Drugs: Why Do We Pay More?

Congress' push to allow Rx imports may fade, but consumer ire won't

Even Big Pharma's legendary political clout has proven no match for the anger of ordinary folk over escalating costs at the drugstore. The industry thought its heated lobbying, hefty campaign contributions, and White House backing could quash Capitol Hill's drive to allow Americans to import drugs from countries with far lower prices. But in an early morning vote on July 25, the House handed the industry a stunning rebuke -- a 243-to-186 vote on a bill that opens the door to widespread imports. "The will of the Congress spoke," says Representative Jo Ann Emerson (R-Mo.), who led the fight. "The American people want relief."

The vote shines a harsh light on the prices Americans pay for medicines -- often more than twice what Canadians or Europeans face. "American consumers are footing the bill for R&D while consumers in other countries get the benefit," says Senator Susan M. Collins (R-Me.), a key Senate supporter of drug imports. "I don't think that's fair."

The price disparity has already spawned scores of storefronts across the country and hundreds of Web sites offering U.S. residents cheaper drugs from Canada and elsewhere. And if Congress gives the green light to imports, the impact on Big Pharma's prices -- and profits -- could be huge. Even if imports were limited to products from Canada, Senator Byron L. Dorgan (D-N.D.) pegs the savings for consumers at up to $38 billion a year, most of which will come out of drugmakers' pockets.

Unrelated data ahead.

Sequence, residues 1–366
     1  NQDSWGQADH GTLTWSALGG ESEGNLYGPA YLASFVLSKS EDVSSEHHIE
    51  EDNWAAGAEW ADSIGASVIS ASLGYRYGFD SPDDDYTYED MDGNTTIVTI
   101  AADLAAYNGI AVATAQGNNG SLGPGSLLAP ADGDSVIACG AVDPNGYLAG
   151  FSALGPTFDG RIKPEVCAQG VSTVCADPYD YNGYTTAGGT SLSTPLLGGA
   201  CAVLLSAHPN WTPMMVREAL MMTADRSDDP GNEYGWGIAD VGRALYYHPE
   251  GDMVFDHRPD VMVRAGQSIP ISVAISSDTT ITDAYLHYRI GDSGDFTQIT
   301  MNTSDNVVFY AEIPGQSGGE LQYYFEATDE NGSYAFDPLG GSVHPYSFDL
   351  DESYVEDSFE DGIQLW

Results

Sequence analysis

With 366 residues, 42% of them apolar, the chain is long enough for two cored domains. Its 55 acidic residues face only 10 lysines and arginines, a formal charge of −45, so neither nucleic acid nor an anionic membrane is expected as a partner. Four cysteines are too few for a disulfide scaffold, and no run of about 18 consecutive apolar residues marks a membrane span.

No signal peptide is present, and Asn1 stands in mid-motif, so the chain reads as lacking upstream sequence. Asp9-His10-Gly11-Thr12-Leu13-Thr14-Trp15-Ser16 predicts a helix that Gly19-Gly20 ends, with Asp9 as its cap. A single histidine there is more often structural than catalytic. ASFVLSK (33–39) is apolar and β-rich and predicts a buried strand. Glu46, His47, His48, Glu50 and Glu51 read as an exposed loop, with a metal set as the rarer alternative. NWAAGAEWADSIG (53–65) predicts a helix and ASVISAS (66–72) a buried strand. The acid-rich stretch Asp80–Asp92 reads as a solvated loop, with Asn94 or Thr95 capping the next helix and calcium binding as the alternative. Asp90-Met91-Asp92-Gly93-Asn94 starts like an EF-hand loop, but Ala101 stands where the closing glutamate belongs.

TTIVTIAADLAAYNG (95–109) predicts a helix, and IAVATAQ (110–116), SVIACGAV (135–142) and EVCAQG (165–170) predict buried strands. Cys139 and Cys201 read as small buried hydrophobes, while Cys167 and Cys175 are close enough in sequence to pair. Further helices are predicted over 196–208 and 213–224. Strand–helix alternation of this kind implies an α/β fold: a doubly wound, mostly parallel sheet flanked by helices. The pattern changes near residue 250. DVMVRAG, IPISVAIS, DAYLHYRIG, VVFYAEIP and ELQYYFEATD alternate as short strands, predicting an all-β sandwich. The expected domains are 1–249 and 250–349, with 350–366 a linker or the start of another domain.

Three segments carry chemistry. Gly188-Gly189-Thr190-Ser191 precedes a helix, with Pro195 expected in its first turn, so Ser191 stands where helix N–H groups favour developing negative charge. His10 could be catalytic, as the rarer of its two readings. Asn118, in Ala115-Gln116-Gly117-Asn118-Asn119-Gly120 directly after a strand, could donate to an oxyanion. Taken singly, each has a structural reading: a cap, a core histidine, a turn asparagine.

Mounting pressure to lower drug prices through imports comes at a time when the industry is already suffering from a paucity of new drugs coming out of the pipeline and from top-selling medicines going off patent, ushering in competition from cheaper generics. Profits are also under threat as poor countries such as Mexico increasingly push for the right to manufacture and sell far cheaper drugs.